Avoid sources that are older or of historic interest only, and editorials. Do not use abstracts, unpublished observations, manuscripts in preparation or submitted for publication, personal communications, or obscure or non-English-language journals. Avoid citing textbooks, clinical review articles, and sources such as UpToDate, DynaMed, and similar online publications.
FP Essentials requires references for all data, statistics, recommendations, guidelines, study results, comparative statements (eg, most effective, fewer adverse effects, less weight gain), drug dosages and regimens, and factual statements that are not common medical knowledge in all text, tables, and figures.
References must be numbered sequentially within the text as a whole and not divided by section. Extensive re-referencing of the same source is discouraged. References should conform to the MEDLINE style (see examples provided below) and include volume and inclusive page numbers.
References should be superscripted. If using Microsoft Word endnote, link superscript reference numbers in text to the numbers in the reference list using the “Insert Endnote” feature in the “References” tab of Microsoft Word. This will create a reference list in numeric order. If a reference needs to be cited more than once, select “Cross-reference” in the “Insert” tab, set the “Reference type” to “Endnote,” and select the original citation you wish to repeat.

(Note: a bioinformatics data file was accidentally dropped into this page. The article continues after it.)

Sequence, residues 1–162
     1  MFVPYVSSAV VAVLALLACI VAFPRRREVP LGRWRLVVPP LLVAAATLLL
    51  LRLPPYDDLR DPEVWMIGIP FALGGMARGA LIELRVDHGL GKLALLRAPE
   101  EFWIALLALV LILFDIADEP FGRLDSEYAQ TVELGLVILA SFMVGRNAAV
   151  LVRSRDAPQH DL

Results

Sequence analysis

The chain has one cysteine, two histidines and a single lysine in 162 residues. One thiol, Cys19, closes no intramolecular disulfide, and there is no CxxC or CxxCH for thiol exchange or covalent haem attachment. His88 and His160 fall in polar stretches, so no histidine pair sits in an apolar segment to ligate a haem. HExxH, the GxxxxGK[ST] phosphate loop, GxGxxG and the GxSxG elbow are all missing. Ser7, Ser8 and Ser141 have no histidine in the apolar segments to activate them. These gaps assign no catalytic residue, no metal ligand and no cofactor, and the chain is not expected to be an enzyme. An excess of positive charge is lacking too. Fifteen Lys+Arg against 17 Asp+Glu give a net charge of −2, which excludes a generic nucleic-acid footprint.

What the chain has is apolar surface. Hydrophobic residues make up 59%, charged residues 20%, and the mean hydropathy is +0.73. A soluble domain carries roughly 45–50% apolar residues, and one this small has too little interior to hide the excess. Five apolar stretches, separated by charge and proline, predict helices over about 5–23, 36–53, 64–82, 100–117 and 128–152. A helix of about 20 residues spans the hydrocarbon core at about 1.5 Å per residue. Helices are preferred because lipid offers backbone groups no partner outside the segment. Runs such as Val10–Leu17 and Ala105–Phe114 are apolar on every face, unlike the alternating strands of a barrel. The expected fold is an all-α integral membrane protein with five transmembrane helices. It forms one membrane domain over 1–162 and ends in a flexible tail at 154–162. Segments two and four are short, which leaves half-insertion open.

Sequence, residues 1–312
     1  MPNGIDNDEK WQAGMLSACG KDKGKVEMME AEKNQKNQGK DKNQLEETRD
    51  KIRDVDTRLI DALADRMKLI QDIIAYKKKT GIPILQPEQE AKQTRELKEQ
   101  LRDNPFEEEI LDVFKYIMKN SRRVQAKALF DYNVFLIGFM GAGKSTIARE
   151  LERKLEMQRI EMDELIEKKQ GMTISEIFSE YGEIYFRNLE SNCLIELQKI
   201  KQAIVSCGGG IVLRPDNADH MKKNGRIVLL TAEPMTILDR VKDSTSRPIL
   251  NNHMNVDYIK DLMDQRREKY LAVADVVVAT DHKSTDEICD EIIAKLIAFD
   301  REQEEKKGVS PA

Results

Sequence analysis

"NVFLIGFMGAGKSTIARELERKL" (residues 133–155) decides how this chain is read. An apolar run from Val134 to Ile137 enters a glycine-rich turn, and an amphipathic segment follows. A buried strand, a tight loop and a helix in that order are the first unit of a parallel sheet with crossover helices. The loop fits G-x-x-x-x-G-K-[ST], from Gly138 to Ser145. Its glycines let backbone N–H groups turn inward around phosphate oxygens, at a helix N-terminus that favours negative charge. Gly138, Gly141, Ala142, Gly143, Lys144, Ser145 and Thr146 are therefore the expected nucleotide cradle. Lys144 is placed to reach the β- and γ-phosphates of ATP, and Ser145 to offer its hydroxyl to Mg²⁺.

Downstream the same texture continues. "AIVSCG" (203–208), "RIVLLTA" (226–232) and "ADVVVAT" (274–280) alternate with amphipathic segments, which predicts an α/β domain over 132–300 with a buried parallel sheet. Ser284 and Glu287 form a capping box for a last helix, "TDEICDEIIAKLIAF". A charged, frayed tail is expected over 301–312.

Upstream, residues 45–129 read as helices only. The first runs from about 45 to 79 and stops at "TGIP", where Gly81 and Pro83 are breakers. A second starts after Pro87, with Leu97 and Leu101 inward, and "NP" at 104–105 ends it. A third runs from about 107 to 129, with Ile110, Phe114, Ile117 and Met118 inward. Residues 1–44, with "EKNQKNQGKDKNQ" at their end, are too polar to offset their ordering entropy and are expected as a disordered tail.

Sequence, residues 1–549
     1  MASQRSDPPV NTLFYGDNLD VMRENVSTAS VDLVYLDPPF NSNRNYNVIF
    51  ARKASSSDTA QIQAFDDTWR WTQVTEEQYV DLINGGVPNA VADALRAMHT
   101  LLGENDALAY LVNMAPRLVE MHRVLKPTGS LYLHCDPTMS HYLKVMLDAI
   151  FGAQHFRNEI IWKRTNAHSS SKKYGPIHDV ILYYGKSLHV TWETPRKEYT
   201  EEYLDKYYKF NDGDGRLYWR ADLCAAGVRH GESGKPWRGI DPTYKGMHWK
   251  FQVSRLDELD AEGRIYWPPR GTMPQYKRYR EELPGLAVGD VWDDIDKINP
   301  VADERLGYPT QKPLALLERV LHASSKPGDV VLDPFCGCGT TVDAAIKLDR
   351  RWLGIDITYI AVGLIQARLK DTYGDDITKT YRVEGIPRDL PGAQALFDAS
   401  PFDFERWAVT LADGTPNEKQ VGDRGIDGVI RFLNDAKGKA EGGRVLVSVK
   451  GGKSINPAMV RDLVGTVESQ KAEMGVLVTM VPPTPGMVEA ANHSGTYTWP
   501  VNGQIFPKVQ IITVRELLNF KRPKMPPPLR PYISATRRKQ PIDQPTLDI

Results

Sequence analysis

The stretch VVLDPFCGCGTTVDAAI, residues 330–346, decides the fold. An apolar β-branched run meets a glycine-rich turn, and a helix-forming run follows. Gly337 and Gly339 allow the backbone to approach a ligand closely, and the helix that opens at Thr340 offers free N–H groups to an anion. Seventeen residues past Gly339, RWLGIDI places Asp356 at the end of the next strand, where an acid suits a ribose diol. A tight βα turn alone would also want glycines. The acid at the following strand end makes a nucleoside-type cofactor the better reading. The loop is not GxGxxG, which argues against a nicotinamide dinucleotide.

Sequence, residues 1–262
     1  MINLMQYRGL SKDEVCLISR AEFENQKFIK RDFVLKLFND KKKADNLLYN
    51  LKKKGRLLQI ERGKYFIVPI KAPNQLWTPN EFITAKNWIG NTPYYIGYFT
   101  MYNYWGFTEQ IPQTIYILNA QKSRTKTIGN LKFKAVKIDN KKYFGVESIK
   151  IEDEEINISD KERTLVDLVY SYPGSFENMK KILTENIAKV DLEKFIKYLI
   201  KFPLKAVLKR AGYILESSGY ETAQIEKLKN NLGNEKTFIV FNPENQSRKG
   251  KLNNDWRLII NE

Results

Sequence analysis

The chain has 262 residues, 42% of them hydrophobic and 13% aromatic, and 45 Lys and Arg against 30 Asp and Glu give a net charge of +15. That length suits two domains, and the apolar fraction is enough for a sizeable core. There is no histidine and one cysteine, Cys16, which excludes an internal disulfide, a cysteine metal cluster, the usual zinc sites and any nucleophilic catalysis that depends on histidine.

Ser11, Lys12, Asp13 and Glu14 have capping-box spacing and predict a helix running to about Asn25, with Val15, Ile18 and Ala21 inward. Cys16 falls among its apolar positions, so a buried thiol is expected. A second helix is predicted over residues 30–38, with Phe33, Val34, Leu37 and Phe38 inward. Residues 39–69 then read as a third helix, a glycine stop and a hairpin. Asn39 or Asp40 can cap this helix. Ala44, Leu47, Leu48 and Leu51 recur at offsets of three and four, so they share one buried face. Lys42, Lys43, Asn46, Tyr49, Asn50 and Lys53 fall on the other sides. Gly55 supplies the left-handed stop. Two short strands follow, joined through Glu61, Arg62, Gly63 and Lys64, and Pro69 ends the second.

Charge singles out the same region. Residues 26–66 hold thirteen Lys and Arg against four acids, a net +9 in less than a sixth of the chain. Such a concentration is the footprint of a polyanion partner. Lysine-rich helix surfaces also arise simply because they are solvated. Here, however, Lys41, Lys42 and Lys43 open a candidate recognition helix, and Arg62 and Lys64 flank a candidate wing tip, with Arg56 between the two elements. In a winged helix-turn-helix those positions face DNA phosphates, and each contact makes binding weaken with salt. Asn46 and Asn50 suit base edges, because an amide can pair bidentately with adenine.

9. Suggested Reading. Include six to eight items for suggested readings. These should be current (within past 5 years) and from articles or books that can be found in the typical hospital library or online resources. Do not cite blogs.
10. Figures and Tables. Include up to a combined total of 15 figures and tables along with an index of those tables and figures. In most cases, previously published material cannot be used, so figures and tables should either be original or from public domain sources (eg, created by government agencies such as the CDC or NIH).
Table and Figure Creation. Tables should be created using the table feature in Microsoft Word rather than with tabs. Figures may be line drawings, computer-generated images, or high-resolution photographs or slides. Figures also may be algorithms or flow charts for complicated patient care problems; such algorithms are encouraged.
Table and Figure Placement. Table and figures should appear at the end of the monograph (after references), and each should be on a separate page. Individual tables and figures should be no longer than 1.25 pages (portrait, single space, 1-inch margins, Times New Roman point 12). Tables and figures should be numbered sequentially for the whole manuscript and not by sections. They should be cited in the text and included in the index of tables and figures (separate page).